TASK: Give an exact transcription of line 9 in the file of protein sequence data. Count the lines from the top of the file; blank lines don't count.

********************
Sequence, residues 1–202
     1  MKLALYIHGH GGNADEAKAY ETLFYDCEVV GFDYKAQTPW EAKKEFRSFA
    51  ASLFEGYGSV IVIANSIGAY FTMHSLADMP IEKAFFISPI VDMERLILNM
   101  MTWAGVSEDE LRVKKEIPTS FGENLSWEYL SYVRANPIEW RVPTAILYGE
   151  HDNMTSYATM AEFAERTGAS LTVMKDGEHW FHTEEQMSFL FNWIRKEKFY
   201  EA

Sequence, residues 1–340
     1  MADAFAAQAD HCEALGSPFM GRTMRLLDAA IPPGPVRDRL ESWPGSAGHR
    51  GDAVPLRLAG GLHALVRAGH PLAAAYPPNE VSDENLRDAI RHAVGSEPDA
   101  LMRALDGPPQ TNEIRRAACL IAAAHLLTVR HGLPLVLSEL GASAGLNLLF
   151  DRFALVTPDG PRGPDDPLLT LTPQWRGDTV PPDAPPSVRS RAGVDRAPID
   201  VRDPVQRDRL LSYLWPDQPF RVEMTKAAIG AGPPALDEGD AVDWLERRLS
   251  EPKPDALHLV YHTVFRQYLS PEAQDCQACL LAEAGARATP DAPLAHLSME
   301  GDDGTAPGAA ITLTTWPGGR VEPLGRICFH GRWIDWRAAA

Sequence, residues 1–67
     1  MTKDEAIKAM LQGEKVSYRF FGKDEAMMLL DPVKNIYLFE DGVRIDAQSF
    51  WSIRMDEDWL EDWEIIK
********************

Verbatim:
    51  GDAVPLRLAG GLHALVRAGH PLAAAYPPNE VSDENLRDAI RHAVGSEPDA